'It's a terrible mess': Robert Harris leads authors' revolt against top literary agency

The bestselling writer leaves PFD following appointment of Caroline Michel as chief executive
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Writers may be goldmines for literary agencies – but some of world's most successful authors have reacted with fury to being treated, as they see it, like economic resources. Robert Harris, the bestselling novelist, announced yesterday he is leaving the firm that has represented him for the past two decades.

Harris, who will be joined by fellow author Maureen Freely, is the first of an expected exodus of writers from the literary agency PFD, which he condemned as "a terrible mess" that treats authors like anonymous assets.

More than a dozen agentsare thought to have handed or be handing in their notice at the agency – which currently represents the cream of Britain's artistic talent in authors such as Julian Barnes, Joanna Trollope and Alan Bennett and actors and performers such as Keira Knightley, Ricky Gervais and Kate Winslet.

There are now concerns that these authors and actors will follow agents including Pat Kavanagh and Anthony Jones – who have represented Harris for decades – to set up a rival agency. Last week Caroline Michel, a successful and charismatic force in entertainment and publishing, was appointed chief executive of PFD. Directors at the firm had been trying to push through a £4m management buy-out after it was bought by CSS Stellar in 2001. But the appointment of Ms Michel was taken as a sign that this sale is no longer possible.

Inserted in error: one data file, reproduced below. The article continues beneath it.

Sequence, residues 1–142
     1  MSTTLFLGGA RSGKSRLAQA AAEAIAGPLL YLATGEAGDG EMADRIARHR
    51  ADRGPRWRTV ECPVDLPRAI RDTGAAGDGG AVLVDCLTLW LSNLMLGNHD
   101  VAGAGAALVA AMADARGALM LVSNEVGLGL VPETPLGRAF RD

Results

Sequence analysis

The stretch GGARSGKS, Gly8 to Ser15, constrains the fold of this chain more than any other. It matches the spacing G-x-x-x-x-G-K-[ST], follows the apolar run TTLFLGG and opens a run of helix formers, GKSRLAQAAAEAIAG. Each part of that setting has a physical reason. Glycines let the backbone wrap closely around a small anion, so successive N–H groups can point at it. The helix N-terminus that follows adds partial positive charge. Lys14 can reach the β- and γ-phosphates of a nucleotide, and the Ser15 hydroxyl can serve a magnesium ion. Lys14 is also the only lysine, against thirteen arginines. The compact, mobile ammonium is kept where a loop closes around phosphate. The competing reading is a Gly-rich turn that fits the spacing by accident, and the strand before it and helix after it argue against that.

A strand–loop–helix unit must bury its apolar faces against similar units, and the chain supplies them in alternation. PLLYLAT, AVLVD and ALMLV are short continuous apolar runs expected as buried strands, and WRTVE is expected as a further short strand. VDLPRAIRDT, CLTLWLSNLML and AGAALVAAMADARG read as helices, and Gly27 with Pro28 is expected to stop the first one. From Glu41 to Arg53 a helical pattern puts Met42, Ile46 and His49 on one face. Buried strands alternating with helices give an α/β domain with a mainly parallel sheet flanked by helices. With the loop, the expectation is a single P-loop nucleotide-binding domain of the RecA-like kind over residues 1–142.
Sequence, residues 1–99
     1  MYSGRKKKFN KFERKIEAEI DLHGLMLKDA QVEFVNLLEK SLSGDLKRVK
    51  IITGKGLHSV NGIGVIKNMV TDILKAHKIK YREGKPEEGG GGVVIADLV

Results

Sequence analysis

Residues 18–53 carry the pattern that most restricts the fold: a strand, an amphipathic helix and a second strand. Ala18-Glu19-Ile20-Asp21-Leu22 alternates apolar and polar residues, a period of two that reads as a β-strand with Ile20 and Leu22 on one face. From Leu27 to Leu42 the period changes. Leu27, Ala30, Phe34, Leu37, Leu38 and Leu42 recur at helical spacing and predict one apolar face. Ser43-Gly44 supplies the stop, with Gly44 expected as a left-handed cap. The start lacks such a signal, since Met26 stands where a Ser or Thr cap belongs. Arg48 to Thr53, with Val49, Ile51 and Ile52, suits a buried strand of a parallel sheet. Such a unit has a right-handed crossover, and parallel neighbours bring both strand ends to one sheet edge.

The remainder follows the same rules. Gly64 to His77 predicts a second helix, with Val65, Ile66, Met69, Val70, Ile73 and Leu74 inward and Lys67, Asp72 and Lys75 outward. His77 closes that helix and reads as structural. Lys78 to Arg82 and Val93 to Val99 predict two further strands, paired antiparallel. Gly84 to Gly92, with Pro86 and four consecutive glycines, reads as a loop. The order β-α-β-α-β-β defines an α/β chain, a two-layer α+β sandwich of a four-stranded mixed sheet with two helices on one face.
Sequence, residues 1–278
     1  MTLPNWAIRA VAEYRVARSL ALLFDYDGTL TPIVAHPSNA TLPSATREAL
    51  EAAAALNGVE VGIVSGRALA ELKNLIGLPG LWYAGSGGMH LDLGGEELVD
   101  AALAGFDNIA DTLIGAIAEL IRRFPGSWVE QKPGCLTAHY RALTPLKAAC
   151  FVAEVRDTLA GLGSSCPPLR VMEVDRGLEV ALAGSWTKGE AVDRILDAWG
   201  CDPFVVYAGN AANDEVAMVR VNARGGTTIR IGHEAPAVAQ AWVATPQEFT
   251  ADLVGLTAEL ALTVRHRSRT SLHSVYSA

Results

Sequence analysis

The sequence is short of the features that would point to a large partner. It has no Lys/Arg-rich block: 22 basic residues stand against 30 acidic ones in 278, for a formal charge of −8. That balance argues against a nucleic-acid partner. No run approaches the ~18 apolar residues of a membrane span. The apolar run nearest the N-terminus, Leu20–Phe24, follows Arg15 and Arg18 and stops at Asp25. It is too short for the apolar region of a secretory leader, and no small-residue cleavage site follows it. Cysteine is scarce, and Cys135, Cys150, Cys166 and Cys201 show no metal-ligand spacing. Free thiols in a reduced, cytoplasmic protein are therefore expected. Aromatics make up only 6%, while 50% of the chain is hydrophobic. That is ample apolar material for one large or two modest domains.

Now that a tranche of agents has resigned, authors are beginning to express their doubts about the changes at PFD.

Robert Harris, author of Fatherland and Enigma, said his loyalties lie with long-standing relationships rather than a new management. "I have been close to Pat Kavanagh for more than 25 years, and in this sort of business, your relationship is a personal one. We are not employees: the agency works for us.

"They seem to think they can transfer us like an asset, but writers resist that kind of treatment. The agents who represent me, Pat Kavanagh and Anthony Jones, are definitely going, and I will go with them."

He said: "The basic building block of the business is the man or woman sitting in solitary, working – that is where the product comes from. Therefore, dealing with the writers is the absolute core of the business. I don't think the people who run the business know who we are or how we do it."

Ms Kavanagh, who is married to the author Julian Barnes and has been with PFD since it was founded, confirmed that she was leaving: "I resigned some time ago. I think that David Buchler [chairman of CSS] and Caroline Michel have some sort of vision that I don't share."

Others authors such as Andrew Martin and John Mortimer are less concerned. Mortimer said: "I don't think it matters very much who is running it. They don't tell you what to write – they just name the money."

Ms Michel told Publishing News last week: "It's true to say that a number of resignation letters were written during the MBO discussions, but everybody is still here. I want to persuade everyone to stay, and it's my great hope and wish that they will."